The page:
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Old 04-15-2012, 10:38 AM   #1
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Default Past tense in adventure games?

Present-tense: "I can't pick that up".
Past-tense: "I couldn't pick that up".

What are your views on this past tense in adventure games?

Apparently Dave Gilbert wanted to write Emerald City Confidential in past tense but the publisher wouldn't let him as they thought it would be confusing to the player,

Personally the only game I've played that uses it is Discworld Noir and TBH it is confusing me a little bit there, for example I just loaded it up and tho most of the lines are past tense I then tried using the crowbar on a crate and he said:
"Perhaps the single crate would be a better choice."
Why isn't that line past tense?
Did the developer feel that "didn't" got annoying to write for every single sentence? was it a mistake? Or is the character in the present saying that thought out loud? Whatever it is it's confusing to me.

Also it makes the game seem more pre-defined as the story has already happened,
I mean logically I realize that most adventure-games ARE pre-defined (as opposed to RPG's where your personal choices reflects the ending) but there can still be a illusion of player-options that past tense might supress.

Reason I'm making this thread is because I love past tense (Tracer Bullet is my favorite comic), but I'm unsure if it belongs in adventure-games, what do you think? and can you think of more games that uses it?
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Old 04-15-2012, 10:44 AM   #2
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Made famous by Broken Sword, and influenced to its charm, imo. Not to say that every game needs to be in past tense.
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Old 04-15-2012, 03:01 PM   #3
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I may me wrong, but isn't "Perhaps the single crate would be a better choice" in the past tense? I mean, consider "I went to the docks and waited. Would she come?" Seems fairly past tensey to me.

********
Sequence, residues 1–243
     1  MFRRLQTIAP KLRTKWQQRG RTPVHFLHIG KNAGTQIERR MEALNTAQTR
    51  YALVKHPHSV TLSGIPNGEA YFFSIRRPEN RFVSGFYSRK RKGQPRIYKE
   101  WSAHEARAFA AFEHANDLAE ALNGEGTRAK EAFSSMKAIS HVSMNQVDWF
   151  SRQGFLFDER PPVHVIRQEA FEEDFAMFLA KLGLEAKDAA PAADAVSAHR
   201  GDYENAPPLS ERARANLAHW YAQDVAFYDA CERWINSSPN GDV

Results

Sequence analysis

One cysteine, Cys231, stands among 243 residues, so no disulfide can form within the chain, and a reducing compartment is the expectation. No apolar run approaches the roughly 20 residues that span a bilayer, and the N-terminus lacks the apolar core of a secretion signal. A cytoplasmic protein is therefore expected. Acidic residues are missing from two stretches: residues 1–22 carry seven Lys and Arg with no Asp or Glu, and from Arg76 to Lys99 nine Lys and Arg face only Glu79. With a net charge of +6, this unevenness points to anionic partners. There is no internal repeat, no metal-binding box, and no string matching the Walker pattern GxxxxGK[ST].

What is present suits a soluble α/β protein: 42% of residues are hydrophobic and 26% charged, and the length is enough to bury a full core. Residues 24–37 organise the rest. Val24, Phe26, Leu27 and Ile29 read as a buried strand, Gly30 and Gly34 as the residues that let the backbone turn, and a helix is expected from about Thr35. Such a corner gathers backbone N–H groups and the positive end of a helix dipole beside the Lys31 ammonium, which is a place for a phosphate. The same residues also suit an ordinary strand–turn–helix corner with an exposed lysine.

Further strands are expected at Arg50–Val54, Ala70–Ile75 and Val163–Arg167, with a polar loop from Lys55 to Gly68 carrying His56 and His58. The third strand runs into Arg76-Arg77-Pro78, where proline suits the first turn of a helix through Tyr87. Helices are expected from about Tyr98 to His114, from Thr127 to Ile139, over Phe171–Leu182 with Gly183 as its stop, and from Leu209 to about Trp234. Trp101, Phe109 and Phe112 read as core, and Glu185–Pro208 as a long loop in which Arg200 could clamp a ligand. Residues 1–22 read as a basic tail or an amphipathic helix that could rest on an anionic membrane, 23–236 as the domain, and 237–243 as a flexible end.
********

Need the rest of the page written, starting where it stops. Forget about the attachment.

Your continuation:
I actually don't mind it. Instead of defining what the story will be, you get to unearth what the story is. It's a stylistic choice, the same way that you choose first or third person in a novel. It depends on the effect you want to create.
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Old 04-15-2012, 03:10 PM   #4
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I'm no expert, but i think it would sound: "Perhaps the single crate would had been a better choice"


but mixing present and past tense could be a stylistic choice as well, i can't remember exactly but Broken Sword probably done the same.
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Old 04-15-2012, 03:11 PM   #5
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Wow. For some reason, I've never payed attention to tenses while playing. This is a very interesting topic.

I think present tense makes people feel more in control of the situtaion, I'd wager.

Oh, and I believe it would be "Perhaps the single crate would have been a better choice".
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Old 04-15-2012, 03:58 PM   #6
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I don't know. If it were phrased "would have been" (which is grammatically correct), it would imply a certainty that it didn't succeed. As in "it would have been a better choice, but I chose wrong."

On the other hand "would be the better choice" is just a report of what went through his head at the time, just like "and then I went and puked on his shoes" is a report of something that went through someone's head in a more literal sense. What's confusing here is that the simple past of the present tense modal verb "would be" is also "would be". I think. It's been years since my last English lesson, so I may be talking out of my derriere here.

Last edited by wildemar; 04-15-2012 at 04:12 PM. Reason: made wording more good
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Old 04-15-2012, 09:52 PM   #7
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Oh great point that perhaps that line IS past tense, you guys just made a simple topic very complicated.